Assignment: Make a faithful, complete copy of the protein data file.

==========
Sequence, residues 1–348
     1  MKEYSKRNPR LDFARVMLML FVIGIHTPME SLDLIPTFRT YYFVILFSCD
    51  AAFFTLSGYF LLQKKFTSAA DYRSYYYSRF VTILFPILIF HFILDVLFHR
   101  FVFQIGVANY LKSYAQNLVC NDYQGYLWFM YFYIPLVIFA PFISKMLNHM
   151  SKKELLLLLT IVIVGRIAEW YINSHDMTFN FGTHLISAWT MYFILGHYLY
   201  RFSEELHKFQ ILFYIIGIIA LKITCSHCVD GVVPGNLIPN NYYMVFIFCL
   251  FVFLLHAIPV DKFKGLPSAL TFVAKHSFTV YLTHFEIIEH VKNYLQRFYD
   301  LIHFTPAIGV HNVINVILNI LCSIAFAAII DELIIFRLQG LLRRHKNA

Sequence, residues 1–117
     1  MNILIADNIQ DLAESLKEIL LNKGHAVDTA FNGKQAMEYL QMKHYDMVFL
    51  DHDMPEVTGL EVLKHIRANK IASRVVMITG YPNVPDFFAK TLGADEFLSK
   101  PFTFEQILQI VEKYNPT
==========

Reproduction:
Sequence, residues 1–348
     1  MKEYSKRNPR LDFARVMLML FVIGIHTPME SLDLIPTFRT YYFVILFSCD
    51  AAFFTLSGYF LLQKKFTSAA DYRSYYYSRF VTILFPILIF HFILDVLFHR
   101  FVFQIGVANY LKSYAQNLVC NDYQGYLWFM YFYIPLVIFA PFISKMLNHM
   151  SKKELLLLLT IVIVGRIAEW YINSHDMTFN FGTHLISAWT MYFILGHYLY
   201  RFSEELHKFQ ILFYIIGIIA LKITCSHCVD GVVPGNLIPN NYYMVFIFCL
   251  FVFLLHAIPV DKFKGLPSAL TFVAKHSFTV YLTHFEIIEH VKNYLQRFYD
   301  LIHFTPAIGV HNVINVILNI LCSIAFAAII DELIIFRLQG LLRRHKNA

Sequence, residues 1–117
     1  MNILIADNIQ DLAESLKEIL LNKGHAVDTA FNGKQAMEYL QMKHYDMVFL
    51  DHDMPEVTGL EVLKHIRANK IASRVVMITG YPNVPDFFAK TLGADEFLSK
   101  PFTFEQILQI VEKYNPT